Which brings us to probably my favourite of her novels, A Wizard of Earthsea. It’s the first book of the Earthsea Cycle, but stands alone as a powerful coming-of-age novel which I could have read happily without ever reading the later instalments. Most of all, it’s a really thoughtful and ethically-minded story with a conflict that is pretty much the exact opposite of what I expect from a fantasy epic. Especially because it’s not about thinly-veiled analogues for white, medieval Europeans.

It follows the coming-of-age of Ged, who will one day become the most powerful wizard of Earthsea, a pre-medieval archipelago. The magic and world of Earthsea revolve around language and naming, with the knowledge of people’s “true” names being a key to power over them, and it is, consistent with Le Guin’s beliefs and Taoism, about the balance of the natural world. Magic in this world is about the understanding and respect for the movements and balance of the world. True wizards avoid using magic where possible. Moving or changing anything results in some kind of good or evil flowing from it. When you use wind to blow the sails of a ship, perhaps it causes evil winds flowing somewhere else. Perhaps a hurricane in a far distant island. Perhaps anything.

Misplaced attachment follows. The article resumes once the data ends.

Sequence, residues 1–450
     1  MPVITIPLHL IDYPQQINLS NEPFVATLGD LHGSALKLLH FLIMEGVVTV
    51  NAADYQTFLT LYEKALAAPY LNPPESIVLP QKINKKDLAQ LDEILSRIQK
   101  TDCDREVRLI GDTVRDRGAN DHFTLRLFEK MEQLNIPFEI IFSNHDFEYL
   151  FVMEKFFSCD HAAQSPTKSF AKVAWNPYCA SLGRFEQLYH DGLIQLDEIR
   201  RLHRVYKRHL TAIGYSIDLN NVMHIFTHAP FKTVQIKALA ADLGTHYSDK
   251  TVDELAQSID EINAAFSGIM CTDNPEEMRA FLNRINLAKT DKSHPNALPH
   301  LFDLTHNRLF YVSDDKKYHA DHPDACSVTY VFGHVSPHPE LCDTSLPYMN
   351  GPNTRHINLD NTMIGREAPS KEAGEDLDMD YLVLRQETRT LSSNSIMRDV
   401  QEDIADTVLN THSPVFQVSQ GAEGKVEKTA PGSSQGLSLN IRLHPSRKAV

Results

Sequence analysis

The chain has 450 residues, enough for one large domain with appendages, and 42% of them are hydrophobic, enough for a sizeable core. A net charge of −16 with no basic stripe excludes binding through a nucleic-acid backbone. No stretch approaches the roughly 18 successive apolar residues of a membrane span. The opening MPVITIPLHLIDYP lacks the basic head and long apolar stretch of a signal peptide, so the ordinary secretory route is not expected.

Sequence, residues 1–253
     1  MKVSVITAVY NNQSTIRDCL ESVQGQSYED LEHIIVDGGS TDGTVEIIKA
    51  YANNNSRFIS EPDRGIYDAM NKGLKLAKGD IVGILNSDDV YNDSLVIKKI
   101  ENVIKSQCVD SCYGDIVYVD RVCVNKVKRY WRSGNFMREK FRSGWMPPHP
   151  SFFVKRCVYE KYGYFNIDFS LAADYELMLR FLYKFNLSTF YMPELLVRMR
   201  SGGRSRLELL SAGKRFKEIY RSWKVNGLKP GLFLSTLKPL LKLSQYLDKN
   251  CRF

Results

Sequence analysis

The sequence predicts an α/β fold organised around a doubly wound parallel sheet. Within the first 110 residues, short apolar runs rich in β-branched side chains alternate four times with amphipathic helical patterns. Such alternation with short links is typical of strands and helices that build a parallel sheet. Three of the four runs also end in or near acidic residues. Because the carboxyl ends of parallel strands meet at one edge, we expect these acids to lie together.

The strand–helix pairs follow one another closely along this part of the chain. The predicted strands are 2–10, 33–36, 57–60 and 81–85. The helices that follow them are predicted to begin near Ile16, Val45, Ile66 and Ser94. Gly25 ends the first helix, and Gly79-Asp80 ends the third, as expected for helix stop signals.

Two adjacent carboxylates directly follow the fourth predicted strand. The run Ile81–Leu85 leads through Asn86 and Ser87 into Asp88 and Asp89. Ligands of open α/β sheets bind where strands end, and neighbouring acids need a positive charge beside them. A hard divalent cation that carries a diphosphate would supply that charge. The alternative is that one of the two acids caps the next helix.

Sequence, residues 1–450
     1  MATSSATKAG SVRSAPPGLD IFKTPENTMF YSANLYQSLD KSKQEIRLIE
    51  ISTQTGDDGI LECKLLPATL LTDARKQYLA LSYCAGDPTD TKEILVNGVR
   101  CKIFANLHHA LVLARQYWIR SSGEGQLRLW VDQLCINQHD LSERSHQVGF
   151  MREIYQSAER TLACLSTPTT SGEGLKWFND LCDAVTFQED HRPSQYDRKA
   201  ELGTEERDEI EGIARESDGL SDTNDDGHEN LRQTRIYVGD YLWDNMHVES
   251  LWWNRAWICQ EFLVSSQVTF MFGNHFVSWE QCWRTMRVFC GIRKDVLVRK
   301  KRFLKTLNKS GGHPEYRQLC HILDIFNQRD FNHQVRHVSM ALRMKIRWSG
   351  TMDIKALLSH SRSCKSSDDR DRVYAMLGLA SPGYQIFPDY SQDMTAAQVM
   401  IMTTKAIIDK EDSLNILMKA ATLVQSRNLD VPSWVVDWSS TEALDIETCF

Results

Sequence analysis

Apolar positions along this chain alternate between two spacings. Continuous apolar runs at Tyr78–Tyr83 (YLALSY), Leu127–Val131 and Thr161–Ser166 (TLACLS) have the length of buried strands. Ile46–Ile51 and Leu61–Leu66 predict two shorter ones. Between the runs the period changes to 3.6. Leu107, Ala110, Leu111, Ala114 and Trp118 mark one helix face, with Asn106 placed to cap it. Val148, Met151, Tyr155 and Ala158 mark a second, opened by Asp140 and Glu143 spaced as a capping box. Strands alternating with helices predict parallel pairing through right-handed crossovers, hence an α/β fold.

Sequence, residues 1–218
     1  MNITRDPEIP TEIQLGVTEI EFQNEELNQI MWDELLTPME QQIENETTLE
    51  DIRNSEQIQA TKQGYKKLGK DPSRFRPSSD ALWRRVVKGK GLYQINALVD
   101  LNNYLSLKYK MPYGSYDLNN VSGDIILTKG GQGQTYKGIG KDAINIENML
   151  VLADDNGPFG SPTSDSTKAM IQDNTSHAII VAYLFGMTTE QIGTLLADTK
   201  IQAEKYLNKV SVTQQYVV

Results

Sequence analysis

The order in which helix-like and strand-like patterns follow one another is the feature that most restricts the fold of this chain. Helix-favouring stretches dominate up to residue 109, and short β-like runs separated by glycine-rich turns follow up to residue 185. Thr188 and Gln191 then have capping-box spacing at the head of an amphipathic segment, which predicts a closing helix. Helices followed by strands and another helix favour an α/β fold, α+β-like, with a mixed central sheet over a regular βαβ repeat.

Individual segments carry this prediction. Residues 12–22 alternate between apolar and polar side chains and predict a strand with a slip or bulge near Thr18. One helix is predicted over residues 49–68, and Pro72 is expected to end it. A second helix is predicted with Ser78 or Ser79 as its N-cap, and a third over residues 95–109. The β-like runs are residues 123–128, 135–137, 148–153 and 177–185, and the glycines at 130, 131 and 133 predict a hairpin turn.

In Earthsea, too, evil comes from humans rather than monsters or indeed evil magic, necessarily. The conflict of the book is within Ged himself, within what he does and the repercussions it causes, rather than external enemies from foreign kingdoms, dark wizards or evil beasts. There are no losses or victories or epic battles, except psychological, internal ones. Despite this, it’s played out on an epic scale of strange lands and dragons. And the ending is one of the most satisfying and perfect endings of a book that I’ve ever read, making you instantly aware it couldn’t have ended in any other way.